Our upstairs neighbor has asked kindly that we implement a noise curfew.
As of now please refrain from using power tools/other loud tools after 12am. He didn’t say a time in the morning, but using my best judgment I will say the curfew will end at 8am.
I’m sorry for the noise, I get really stoned off his hookah sessions he decides to share for FREE with the hive that I forger how late it is sometimes lol
Hey all, afraid to say, Dave B is right. Air compressor does pose noise problem.
Air compressor should be isolated / decoupled from floor and moved a hair away from any shared walls with upstairs. 3+ft from walls is general rule of thumb.
Bass is a larger problem here than high frequency noise. 60Hz oscillation of the motor coupled to floor and walls in that space make it +9-12dB louder. The wavelength of 60Hz motor rumble is 5.67 meters, so this puts at least 4x more sound energy in neighbor’s appt than in our metal room! 120 Hz and 240 Hz harmonics likely cause standing wave phenomenon adding another 6 to 9 dB in structural supports.
Since wood studs and metal beams connect, there is mechanical coupling and air gap insulation provides absolutely no impedance to low frequency (almost 0 Sabines). In my world we build floating floors over tons of sand, 1" layer of rubber, and decouple walls by building two non-attached stud walls with 6-12" gap between. I’m not suggesting this…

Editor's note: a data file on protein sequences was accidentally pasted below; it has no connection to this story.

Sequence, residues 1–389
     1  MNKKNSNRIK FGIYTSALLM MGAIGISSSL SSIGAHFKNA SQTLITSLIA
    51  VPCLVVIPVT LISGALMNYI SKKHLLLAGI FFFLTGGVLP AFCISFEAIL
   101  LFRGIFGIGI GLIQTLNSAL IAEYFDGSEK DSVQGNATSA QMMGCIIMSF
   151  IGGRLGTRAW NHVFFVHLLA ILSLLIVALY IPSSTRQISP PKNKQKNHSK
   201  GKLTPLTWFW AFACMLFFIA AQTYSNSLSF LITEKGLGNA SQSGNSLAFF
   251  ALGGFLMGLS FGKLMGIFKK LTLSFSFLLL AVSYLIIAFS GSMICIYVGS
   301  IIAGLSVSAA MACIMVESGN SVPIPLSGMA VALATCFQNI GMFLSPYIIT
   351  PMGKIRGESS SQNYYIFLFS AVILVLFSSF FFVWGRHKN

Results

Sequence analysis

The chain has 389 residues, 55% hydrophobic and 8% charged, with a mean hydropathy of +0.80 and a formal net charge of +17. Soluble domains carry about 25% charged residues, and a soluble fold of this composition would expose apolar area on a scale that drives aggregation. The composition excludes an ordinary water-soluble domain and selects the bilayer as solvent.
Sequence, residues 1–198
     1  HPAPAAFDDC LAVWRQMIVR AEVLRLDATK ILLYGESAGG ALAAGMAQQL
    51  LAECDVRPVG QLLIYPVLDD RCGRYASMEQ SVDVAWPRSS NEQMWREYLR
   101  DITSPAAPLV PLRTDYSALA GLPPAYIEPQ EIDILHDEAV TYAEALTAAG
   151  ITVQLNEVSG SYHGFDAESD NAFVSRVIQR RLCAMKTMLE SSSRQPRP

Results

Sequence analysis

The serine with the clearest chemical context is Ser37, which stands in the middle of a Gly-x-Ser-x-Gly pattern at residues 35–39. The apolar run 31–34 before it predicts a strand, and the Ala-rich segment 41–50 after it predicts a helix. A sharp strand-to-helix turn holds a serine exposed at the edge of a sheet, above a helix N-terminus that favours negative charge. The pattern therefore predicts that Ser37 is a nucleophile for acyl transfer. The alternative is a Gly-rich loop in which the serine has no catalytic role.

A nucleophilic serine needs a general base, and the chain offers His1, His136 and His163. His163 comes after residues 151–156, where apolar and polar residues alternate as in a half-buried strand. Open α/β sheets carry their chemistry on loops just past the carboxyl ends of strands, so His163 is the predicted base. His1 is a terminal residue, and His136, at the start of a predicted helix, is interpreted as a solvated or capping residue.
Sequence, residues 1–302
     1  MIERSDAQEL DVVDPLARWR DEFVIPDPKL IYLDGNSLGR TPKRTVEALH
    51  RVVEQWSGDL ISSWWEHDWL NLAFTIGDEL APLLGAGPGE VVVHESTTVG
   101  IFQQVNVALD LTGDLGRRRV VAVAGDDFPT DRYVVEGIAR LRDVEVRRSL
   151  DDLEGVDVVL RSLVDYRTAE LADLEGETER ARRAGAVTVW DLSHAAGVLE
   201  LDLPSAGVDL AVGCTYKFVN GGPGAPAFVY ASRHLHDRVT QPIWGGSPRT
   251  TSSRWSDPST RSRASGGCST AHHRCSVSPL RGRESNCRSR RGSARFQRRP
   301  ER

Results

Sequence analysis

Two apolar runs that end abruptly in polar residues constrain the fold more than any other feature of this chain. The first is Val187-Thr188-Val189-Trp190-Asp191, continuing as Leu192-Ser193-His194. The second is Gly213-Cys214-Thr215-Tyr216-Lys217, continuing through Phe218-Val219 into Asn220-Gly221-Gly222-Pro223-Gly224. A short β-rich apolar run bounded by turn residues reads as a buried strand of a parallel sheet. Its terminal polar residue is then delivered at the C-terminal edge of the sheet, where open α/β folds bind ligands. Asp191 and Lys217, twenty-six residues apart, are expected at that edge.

Simple answer: machine rubber under compressor and auto turn off at midnight (which can always be overridden when we have permission from neighbor). This can also reduce noise in our space. Really we should consider this for mill as well. Happily, CNC does not pose this problem .
There is a reason it’s called machine rubber…
You get extra credit if you put heavy-duty springs between the feet and the machine rubber.
A timer shouldn’t be too much of an expense…
You can’t just pull the power on the air compressor if it’s running. The pressure relief valve needs to operate to release pressure on the compressor head, or they’ll fail pretty quickly. Last time I checked, the compressor needs power to open the valve (i.e. it doesn’t just open when power is lost)